Nicknamed the “Lowline,” New York’s underground park will be one of the most fascinating parks in the city. When it’s finished, that is.
The idea is a great one. After all, Manhattan is the most densely-populated county in the nation, so space is a limited commodity. In the past, New Yorkers have built upward. But two young designers have devised another kind of solution: the Delancey Underground, a subterranean park.
The plan is to transform an abandoned trolley terminal beneath of the streets of the Lower East Side into a community park… 25 feet underground! Unsurprisingly, the project has been nicknamed “the Lowline”—the joke, of course, alludes to the overwhelmingly successful piece of urban renewal, the High Line. (Here’s more on Chelsea’s High Line, one of the best parks in New York!).
The trolley terminal here opened in 1903 with the Williamsburg Bridge, and its streetcars transported commuters across the bridge to Brooklyn. The rectangular site is three blocks long beneath Delancey St. (from Essex to Clinton Streets). At approximately 1.5 acres, it’s about the size of Gramercy Park. While the space has been abandoned since 1948, when trolley service ended, and then suffered six decades of neglect, the designers are drawn to its architectural details: old cobblestones, crisscrossing rail tracks, vaulted 20-foot ceilings, and steel columns.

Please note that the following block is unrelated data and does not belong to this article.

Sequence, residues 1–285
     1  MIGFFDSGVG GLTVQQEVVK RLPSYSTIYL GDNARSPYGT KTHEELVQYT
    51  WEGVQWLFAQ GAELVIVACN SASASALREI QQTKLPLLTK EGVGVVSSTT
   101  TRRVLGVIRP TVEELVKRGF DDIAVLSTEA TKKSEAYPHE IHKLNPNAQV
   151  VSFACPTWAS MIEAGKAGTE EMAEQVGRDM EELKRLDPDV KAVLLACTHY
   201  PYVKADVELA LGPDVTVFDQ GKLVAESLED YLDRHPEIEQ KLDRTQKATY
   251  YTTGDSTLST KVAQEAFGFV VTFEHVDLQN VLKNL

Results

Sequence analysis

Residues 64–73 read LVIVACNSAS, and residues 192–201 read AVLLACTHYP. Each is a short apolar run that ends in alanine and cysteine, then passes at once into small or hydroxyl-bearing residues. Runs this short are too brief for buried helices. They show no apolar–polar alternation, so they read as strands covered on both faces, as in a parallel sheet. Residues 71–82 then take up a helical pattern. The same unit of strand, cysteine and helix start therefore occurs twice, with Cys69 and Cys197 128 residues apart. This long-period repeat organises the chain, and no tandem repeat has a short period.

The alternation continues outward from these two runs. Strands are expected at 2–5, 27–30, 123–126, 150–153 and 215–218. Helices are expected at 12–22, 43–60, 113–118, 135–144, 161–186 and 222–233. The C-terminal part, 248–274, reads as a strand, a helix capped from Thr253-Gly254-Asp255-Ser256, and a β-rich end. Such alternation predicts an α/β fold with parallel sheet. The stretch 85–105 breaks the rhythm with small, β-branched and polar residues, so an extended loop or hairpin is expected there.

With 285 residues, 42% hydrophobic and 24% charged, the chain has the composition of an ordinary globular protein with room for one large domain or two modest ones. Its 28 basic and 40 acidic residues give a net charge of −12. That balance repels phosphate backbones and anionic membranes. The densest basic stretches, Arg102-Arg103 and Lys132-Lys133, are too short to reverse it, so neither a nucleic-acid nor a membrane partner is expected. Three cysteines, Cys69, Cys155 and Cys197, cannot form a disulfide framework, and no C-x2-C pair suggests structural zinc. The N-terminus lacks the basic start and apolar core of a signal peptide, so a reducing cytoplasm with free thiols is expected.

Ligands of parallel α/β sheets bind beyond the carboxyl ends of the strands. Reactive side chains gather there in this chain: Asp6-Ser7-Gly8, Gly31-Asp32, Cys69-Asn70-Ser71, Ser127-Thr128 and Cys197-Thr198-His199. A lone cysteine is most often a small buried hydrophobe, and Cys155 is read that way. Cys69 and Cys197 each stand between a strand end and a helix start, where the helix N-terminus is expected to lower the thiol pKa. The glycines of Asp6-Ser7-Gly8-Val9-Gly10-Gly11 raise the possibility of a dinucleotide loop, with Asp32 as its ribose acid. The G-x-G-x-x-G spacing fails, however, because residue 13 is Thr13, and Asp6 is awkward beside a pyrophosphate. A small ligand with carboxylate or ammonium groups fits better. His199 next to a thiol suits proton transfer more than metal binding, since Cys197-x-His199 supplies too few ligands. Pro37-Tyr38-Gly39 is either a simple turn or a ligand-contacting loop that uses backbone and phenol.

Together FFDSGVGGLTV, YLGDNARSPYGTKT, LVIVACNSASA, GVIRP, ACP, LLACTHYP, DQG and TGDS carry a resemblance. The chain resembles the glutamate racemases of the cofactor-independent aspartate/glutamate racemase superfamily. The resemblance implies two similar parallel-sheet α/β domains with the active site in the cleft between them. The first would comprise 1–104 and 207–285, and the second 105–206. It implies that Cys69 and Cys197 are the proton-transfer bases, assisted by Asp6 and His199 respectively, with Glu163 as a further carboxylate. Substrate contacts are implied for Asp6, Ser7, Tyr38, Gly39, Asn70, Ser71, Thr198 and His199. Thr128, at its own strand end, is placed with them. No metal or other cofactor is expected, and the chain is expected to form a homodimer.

To transform the site, architect James Ramsey and technology entrepreneur Dan Barasch will utilize a technology that will gather sunlight and reflect it underground, where it’ll be dispersed by a solar distributor dish. Thanks to the light’s wavelengths, it’ll even support photosynthesis. Translation: The subterranean park will include plants, trees and grasses.
The vision is for a place where New Yorkers can relax on the lawn, stroll pop up art installations, and even pick produce from on-site farms. The park will also present year-round programming like art exhibitions, farmers’ markets, educational series, and special events.
A host of city and state agencies still have to approve the project. While the Lower East Side Business Improvement District supports it (after all, a green space is badly needed in the densely-built neighborhood), the Metropolitan Transit Authority (MTA), which owns the site, has yet to sign on.
To that end, Ramsey and Barasch launched a Kickstarter campaign to raise $100,000. Within weeks, they surpassed their goal; to date they’ve raised $155,186 from 3,300 backers. The funds were used for a miniature version of the “Lowline” that opened in September 2012.
Inspired by the success of the High Line, the “Lowline” will be privately funded, a not-for-profit organization creating a public space for the underserved historical community.
For more information on the Delancey Underground, or to donate to the next phase of the project, see their website.